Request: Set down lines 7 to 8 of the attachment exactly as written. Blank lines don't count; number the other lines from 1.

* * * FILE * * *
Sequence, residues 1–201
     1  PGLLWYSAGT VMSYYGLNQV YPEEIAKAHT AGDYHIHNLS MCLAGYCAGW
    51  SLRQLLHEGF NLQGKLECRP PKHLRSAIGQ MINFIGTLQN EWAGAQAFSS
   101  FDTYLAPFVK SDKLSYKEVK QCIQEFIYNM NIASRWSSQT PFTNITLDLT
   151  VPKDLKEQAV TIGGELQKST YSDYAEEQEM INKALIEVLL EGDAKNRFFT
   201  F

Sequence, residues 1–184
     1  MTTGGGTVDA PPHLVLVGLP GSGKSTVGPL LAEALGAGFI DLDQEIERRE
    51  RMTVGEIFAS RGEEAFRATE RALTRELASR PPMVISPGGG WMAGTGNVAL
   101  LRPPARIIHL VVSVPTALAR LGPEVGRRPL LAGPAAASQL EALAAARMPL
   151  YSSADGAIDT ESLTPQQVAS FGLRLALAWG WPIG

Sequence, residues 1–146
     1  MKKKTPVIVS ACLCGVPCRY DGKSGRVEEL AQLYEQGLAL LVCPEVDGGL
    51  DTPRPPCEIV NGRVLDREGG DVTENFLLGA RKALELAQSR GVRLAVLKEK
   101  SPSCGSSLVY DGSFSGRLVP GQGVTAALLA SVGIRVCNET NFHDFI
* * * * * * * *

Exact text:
Sequence, residues 1–184
     1  MTTGGGTVDA PPHLVLVGLP GSGKSTVGPL LAEALGAGFI DLDQEIERRE